Course Summary

The Great Transformation

Unit 1

A previous U3A Online course looked at everyday life in the early eighteenth century. This course continues the story with a look at the dramatic developments in agriculture and industry from the middle of that century. It followed from the Tudor, Stuart and early Georgian periods, from the end of the 15th century to the mid 18th century, around 250 years.

Unit 2

In this unit we explore the social consequences of fundamental changes in British agriculture which left no family untouched. These changes could be seen as early as the 16th century but they accelerated dramatically in the 18th century and coincided with the equally important transformation of industry which we will explore in later units.

Unit 3

We will now begin to look at the industrialisation of Britain in the 18th century. How and why did it spread? Good transport links were essential as were attitudes and values that promoted it. Moreover, a group of remarkable individuals played key roles. We will look at a few of them.

Unit 4

Large scale industrial development needed raw materials, new materials, skilled workers, innovative inventors, the ability to manage large scale projects, and enterprising businessmen. In this unit we look at some of the earlier industries that laid the foundations for later expansion. Industry also needed to go beyond human and animal muscle power to water and steam power which we will explore in later units.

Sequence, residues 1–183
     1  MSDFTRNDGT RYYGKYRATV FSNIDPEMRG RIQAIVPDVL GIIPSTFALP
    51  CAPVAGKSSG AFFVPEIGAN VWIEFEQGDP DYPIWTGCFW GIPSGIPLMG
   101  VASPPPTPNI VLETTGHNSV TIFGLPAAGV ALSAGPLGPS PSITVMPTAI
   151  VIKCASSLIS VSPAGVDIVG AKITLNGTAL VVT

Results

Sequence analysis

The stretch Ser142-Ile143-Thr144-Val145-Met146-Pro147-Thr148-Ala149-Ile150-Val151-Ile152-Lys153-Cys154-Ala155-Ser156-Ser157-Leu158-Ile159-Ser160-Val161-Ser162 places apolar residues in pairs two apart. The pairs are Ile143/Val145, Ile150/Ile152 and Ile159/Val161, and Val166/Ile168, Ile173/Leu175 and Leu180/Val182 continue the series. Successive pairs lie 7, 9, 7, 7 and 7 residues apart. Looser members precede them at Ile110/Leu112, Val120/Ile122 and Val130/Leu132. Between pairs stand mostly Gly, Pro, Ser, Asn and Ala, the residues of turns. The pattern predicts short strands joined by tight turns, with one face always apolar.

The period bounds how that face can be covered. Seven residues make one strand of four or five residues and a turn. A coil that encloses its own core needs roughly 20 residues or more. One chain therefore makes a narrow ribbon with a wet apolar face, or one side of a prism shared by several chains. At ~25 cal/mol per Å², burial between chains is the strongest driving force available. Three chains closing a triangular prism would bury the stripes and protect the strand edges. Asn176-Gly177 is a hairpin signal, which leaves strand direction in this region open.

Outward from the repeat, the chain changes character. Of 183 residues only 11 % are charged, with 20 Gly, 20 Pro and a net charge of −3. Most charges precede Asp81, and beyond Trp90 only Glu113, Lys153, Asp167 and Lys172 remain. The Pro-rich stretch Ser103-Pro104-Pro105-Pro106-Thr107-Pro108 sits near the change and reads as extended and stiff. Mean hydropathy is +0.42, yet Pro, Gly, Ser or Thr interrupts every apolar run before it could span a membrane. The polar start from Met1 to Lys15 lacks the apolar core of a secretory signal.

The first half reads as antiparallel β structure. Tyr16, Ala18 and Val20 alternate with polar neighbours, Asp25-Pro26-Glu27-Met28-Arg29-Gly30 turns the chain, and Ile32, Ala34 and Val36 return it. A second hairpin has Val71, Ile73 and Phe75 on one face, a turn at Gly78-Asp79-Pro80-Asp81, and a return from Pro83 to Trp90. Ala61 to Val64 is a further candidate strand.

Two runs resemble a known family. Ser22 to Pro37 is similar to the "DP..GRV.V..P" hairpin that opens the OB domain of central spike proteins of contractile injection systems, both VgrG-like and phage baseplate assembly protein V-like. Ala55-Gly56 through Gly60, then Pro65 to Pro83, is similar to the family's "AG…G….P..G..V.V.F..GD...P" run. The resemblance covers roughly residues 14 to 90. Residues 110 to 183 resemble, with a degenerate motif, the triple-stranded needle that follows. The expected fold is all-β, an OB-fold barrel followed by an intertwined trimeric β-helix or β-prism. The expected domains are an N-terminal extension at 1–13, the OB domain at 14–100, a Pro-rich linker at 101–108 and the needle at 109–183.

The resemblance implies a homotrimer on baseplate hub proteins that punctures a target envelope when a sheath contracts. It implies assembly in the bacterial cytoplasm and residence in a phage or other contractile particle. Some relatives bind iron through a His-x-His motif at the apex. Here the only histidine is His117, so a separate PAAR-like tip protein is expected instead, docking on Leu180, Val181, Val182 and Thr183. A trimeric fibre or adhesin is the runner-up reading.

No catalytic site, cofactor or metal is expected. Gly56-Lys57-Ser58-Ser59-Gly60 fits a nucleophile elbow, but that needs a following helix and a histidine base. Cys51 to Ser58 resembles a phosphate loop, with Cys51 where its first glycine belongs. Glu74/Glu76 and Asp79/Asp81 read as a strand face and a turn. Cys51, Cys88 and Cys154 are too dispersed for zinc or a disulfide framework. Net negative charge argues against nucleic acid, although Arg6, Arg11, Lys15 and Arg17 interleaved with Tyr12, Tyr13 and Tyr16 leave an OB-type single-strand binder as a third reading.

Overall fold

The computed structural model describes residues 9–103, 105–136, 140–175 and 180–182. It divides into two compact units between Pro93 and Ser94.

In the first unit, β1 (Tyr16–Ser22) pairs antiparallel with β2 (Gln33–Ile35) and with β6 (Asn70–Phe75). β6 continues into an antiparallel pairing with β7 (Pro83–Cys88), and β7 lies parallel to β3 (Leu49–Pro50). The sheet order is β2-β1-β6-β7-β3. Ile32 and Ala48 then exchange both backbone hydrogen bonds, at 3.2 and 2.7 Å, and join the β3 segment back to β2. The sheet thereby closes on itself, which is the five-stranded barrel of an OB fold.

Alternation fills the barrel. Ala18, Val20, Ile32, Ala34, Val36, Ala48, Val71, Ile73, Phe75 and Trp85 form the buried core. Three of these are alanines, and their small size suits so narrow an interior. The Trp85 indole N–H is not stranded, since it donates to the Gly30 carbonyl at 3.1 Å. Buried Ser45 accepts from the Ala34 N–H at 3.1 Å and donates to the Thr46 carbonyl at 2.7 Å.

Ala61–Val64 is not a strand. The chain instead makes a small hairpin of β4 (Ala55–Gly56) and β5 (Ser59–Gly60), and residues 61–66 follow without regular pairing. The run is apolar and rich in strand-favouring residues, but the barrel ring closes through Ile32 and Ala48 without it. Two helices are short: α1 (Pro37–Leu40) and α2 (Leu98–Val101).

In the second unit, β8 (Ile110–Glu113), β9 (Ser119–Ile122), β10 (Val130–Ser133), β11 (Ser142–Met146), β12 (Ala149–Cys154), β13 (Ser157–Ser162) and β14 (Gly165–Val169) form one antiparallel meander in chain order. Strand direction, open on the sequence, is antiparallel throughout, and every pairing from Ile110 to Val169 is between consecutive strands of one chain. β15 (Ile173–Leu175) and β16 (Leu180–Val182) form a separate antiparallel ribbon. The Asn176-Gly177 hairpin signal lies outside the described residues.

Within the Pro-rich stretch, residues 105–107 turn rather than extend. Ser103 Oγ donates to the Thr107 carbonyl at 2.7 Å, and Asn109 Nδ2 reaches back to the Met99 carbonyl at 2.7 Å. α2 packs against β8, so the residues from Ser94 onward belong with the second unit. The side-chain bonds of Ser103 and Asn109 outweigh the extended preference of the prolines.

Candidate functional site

Unit 5

Robert Owen and Sir Robert Peel were both very successful businessmen in the textile industry. Yet they drew very different conclusions from their experiences. Owen was idealistic, socialist, and founder of trade unions. Peel was the humane and pragmatic founder of the modern British Conservative Party. Examining their lives raises important questions which we still confront today.

Unit 6

This unit begins by looking at the development of steam power which was to make possible large scale factory production, a transport revolution, and a range of new industries. The 19th century was to be the age of steam power and even though the twentieth century is sometimes seen as the age of petroleum, and the 21st century has seen the rise of renewable energy; steam power is still with us in our power stations. Even renewable energy will make use of steam to drive power station turbines. As a contrast we also look at growth the labour intensive Pottery industry which was also a great industrial innovator and transformer of lives.

Unit 7

At the heart of England in Birmingham, the Soho manufactory was created by Matthew Boulton. Here he pioneered new methods of manufacture and went on to work with James Watt. Yet he was also a scientist and social reformer. Together with his friends in the Lunar Society, he was at the vanguard of the new age. They were at the forefront of transforming ideas, and hugely expanded human knowledge. Yet they were practical men who led by example to develop technology and industry.

Unit 8

This final unit looks at how the development of waterways revolutionised transport in the late 18th and early 19th centuries. Yet towards the end of our period a new challenger appears, the railways. Applying steam power to transport put into place a crucial element in our story of the Great Transformation of Britain into an industrialised, urbanised society. This, of course, was a model that much of the rest of the world was to copy. The steam powered railways spreading across the world were a powerful demonstration of its transformative power.